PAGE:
bishop, was born on Guernsey on 3 January 1866, the third son of Carey Brock De Jersey. After his university years at Pembroke College and Ridley Hall, Cambridge, he was ordained in 1891. He served as curate in Bristol (1891-93) and Kilburn (1893-6), and then became a Missions to Seamen chaplain for Bristol, Avonmouth and the Channel between 1898 and 1919.
During the First World War, he volunteered as acting chaplain for temporary service with the Royal Navy, and served in HMS Albion, 1914-16, He saw action off S-W Africa, in the Dardanelles and with the 10th Cruiser Squadron on patrol ships blocking German access to the North Sea, 1916-18. He was reported by senior officers as being ‘Above Average’ and ‘most sympathetic and elevating' He was decorated in 1922. On returning to his work with the Missions to Seamen, he was appointed Honorary Canon of Bristol. He was one of the founders of the Bristol City and Maritime Ambulance Corps in 1900.
De Jersey was consecrated fourth Bishop of the Falkland Islands in St Paul's Cathedral, London on 24 June 1919, with the same jurisdiction as his predecessor, Bishop BLAIR. During his episcopate, De Jersey increased the numbers of English-speaking clergy serving in the diocese to 18. He organised a series of diocesan synods between 1921 and 1932. His association with the Falkland Islands was recognised by his appointment from 1928 to 1934 as chaplain 1st class of the Falkland Islands Defence Force with the rank of colonel.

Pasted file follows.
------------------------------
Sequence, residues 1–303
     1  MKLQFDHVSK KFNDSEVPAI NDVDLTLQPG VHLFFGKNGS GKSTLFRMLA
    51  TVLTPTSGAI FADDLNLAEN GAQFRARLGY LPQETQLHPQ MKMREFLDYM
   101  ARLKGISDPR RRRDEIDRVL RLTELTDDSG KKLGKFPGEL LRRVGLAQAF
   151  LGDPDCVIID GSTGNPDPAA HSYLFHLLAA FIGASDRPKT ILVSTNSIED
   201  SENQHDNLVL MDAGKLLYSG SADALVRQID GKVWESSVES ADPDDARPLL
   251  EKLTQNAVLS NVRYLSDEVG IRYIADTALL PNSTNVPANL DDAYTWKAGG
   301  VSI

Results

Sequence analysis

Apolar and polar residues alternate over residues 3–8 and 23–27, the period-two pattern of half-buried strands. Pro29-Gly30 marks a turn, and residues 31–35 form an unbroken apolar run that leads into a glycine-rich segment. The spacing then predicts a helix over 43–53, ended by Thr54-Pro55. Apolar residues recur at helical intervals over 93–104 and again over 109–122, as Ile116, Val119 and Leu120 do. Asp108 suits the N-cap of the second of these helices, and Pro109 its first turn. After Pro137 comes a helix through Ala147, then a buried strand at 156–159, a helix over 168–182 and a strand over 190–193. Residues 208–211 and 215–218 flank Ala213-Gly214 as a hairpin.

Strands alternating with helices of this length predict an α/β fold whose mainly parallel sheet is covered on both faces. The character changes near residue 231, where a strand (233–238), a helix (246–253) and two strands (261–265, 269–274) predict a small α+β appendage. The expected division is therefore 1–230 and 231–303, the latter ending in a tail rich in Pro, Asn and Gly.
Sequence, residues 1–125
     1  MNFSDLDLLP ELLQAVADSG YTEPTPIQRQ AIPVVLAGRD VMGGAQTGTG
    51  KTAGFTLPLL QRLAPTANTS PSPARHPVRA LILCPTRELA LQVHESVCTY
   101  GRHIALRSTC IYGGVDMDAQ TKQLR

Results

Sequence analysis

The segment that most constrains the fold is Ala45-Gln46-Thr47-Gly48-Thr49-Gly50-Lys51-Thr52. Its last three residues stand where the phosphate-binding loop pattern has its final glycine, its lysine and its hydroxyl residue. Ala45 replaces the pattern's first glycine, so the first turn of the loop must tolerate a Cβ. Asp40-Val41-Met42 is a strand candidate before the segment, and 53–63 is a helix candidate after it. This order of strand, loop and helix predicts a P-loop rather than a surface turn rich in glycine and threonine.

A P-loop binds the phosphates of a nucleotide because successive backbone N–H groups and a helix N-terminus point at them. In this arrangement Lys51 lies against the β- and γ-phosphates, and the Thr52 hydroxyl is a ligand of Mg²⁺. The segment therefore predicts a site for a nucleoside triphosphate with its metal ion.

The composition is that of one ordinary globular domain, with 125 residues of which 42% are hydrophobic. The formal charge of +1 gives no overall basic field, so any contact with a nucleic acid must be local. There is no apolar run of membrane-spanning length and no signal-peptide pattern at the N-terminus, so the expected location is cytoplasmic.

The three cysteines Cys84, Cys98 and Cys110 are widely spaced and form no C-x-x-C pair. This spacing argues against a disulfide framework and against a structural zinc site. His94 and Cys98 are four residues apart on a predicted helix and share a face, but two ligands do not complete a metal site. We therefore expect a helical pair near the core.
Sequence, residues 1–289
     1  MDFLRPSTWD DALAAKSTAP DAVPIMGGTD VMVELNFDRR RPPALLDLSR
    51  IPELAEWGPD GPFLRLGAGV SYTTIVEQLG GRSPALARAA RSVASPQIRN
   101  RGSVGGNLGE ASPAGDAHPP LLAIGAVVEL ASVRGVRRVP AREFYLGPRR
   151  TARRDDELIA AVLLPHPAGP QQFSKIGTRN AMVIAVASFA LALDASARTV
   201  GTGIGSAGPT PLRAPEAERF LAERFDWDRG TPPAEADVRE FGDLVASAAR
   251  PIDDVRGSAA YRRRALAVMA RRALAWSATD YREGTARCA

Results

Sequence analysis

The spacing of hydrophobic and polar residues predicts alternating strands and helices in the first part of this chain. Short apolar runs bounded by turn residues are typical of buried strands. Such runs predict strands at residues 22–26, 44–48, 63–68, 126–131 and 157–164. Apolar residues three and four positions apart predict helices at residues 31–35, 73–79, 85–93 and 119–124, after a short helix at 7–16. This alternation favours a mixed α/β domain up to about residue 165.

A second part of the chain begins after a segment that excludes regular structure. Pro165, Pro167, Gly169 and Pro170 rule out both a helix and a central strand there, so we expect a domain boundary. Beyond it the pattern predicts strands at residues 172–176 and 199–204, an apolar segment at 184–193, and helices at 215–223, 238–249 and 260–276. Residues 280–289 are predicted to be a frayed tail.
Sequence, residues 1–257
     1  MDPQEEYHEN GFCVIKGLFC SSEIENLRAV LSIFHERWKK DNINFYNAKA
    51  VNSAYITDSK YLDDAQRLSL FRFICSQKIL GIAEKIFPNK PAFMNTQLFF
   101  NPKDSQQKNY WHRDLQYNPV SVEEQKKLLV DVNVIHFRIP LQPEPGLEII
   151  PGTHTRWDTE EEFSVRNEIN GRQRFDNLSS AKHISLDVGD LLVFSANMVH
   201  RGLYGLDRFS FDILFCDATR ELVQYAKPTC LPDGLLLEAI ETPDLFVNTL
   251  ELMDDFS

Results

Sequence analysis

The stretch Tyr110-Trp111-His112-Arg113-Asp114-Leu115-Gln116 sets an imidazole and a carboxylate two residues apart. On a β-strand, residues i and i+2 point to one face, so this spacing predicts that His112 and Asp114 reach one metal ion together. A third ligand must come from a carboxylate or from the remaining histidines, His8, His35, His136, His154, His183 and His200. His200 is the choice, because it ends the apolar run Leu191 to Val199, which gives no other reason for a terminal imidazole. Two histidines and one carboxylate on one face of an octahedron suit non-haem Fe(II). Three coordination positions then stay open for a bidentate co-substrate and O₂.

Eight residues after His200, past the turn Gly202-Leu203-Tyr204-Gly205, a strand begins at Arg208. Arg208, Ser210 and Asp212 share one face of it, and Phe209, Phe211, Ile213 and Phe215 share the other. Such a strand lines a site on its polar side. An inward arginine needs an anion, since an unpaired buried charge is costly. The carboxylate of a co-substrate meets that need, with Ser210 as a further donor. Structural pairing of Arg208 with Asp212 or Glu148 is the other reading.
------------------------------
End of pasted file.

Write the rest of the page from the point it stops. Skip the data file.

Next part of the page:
In contrast to Bishop Blair, De Jersey was an outdoors man. His recreation was yachting. His episcopate was a time of consolidation and growth among the Anglican congregations. He died, unmarried, at the age of 68, on 28 November 1934, having only just retired.
Editorial comment: De Jersey was summoned to meet the Archbishop of Canterbury in May, 1919, He was offered, and accepted, the post of Bishop of the Falkland Islands. The offer took De Jersey by surprise, and he asked the Archbishop if he could tell anyone, and the Archbishop reportedly said ‘The appointment is entirely mine, you can go and shout it in Trafalgar Square if you like’.
January 2020 Portrait image updated
March 2021 An editorial comment added
February 2022 One additional photograph added; text amended